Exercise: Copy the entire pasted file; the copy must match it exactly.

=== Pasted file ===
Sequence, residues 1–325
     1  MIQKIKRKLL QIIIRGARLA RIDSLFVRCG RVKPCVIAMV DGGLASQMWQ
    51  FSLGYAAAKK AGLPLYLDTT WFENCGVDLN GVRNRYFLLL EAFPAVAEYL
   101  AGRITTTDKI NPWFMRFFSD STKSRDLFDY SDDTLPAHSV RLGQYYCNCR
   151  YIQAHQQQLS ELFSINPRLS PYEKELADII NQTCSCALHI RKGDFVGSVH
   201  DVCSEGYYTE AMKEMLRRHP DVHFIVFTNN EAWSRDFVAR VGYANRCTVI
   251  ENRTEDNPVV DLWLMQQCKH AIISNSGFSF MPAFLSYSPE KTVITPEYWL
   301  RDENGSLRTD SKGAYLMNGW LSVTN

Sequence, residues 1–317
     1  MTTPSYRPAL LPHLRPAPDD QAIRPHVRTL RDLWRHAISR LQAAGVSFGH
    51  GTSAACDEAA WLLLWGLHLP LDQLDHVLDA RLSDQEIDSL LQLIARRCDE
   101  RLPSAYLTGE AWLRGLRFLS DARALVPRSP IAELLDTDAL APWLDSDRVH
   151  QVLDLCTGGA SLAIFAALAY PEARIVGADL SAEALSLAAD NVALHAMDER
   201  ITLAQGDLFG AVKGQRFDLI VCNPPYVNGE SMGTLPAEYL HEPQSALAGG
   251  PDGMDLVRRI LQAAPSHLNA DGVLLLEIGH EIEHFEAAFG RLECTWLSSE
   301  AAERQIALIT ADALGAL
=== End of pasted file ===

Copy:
Sequence, residues 1–325
     1  MIQKIKRKLL QIIIRGARLA RIDSLFVRCG RVKPCVIAMV DGGLASQMWQ
    51  FSLGYAAAKK AGLPLYLDTT WFENCGVDLN GVRNRYFLLL EAFPAVAEYL
   101  AGRITTTDKI NPWFMRFFSD STKSRDLFDY SDDTLPAHSV RLGQYYCNCR
   151  YIQAHQQQLS ELFSINPRLS PYEKELADII NQTCSCALHI RKGDFVGSVH
   201  DVCSEGYYTE AMKEMLRRHP DVHFIVFTNN EAWSRDFVAR VGYANRCTVI
   251  ENRTEDNPVV DLWLMQQCKH AIISNSGFSF MPAFLSYSPE KTVITPEYWL
   301  RDENGSLRTD SKGAYLMNGW LSVTN

Sequence, residues 1–317
     1  MTTPSYRPAL LPHLRPAPDD QAIRPHVRTL RDLWRHAISR LQAAGVSFGH
    51  GTSAACDEAA WLLLWGLHLP LDQLDHVLDA RLSDQEIDSL LQLIARRCDE
   101  RLPSAYLTGE AWLRGLRFLS DARALVPRSP IAELLDTDAL APWLDSDRVH
   151  QVLDLCTGGA SLAIFAALAY PEARIVGADL SAEALSLAAD NVALHAMDER
   201  ITLAQGDLFG AVKGQRFDLI VCNPPYVNGE SMGTLPAEYL HEPQSALAGG
   251  PDGMDLVRRI LQAAPSHLNA DGVLLLEIGH EIEHFEAAFG RLECTWLSSE
   301  AAERQIALIT ADALGAL